Speyside single malt Scotch whisky
Aucherachan went alternatively by Achorachan, Achorachan and Acherachan – such was the quality of spelling in the late 18th century – but also Glenlivat (sic). As with so many early licensed distilleries, struggling against illegal distillers and heavy taxation, Auchorachan had mixed fortunes and several owners. However, in its day it played an important role in the history of Glenlivet and the whisky industry.
The distillery was originally registered in the 1780s under William Gordon, who died in 1790. It was briefly operational in the following decade but then lay unused for around 40 years until Captain William Grant (not of Glenfiddich fame) re-opened it in 1833. The distillery is noted as ‘operating’ in 1851, but after Captain Grant suffered a serious fall in 1854 the business began to suffer, although some claim his misfortunes were down to the work of some angry fairies.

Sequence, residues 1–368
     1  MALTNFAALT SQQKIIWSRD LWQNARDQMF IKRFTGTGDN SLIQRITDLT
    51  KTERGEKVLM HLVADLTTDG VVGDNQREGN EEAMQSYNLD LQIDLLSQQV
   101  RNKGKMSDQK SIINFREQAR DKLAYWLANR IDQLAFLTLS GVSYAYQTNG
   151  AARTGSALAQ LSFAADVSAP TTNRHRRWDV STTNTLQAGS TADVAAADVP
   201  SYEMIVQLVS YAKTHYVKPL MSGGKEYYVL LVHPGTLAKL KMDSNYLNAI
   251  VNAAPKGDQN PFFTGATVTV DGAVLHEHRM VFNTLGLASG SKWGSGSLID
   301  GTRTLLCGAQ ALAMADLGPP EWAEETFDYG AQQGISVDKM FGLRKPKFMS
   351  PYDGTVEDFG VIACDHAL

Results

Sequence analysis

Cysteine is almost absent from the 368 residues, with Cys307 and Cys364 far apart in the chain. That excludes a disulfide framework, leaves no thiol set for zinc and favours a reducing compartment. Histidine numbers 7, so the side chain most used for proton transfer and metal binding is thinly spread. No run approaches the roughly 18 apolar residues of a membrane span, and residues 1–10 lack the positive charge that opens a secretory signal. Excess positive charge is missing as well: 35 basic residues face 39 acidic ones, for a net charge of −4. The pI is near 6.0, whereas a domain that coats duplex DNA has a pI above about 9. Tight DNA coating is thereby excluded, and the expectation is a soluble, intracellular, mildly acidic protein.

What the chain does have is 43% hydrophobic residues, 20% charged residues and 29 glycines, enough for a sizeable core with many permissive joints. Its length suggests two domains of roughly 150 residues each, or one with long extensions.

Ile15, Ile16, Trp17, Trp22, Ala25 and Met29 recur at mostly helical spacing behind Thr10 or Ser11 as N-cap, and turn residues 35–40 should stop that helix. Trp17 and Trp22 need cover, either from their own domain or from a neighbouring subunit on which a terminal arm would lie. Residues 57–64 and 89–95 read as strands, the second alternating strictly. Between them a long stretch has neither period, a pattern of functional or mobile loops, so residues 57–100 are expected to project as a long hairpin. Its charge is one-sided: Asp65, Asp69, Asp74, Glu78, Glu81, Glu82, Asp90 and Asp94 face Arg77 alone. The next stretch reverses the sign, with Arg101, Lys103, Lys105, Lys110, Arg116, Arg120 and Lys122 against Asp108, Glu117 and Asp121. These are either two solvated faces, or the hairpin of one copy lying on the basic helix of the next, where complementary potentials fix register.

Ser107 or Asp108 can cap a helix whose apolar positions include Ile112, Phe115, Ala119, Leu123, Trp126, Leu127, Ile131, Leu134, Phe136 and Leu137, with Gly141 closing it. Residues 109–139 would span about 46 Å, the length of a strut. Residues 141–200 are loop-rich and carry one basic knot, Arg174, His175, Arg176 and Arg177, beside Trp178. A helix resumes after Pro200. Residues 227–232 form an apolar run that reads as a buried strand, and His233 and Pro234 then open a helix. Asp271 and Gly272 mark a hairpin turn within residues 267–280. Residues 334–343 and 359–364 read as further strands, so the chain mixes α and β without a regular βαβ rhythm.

The date of Auchorachan’s eventual closure is not noted precisely, but the site was later rented by George Smith’s successors (the founder of nearby Glenlivet distillery), the Smith Grants, who raised cattle there and continue to do so to this day.
- 1780s Aucherachan distillery is opened by William Gordon
- 1790 Mr Gordon dies and the distillery closes
- 1833 William Grant reopens the distillery
- 1851 Aucherachan is listed as ‘operating’
- 1852 The name on the licence changes to Captain William Grant. The site closes some time later
- 1877 Captain William Grant dies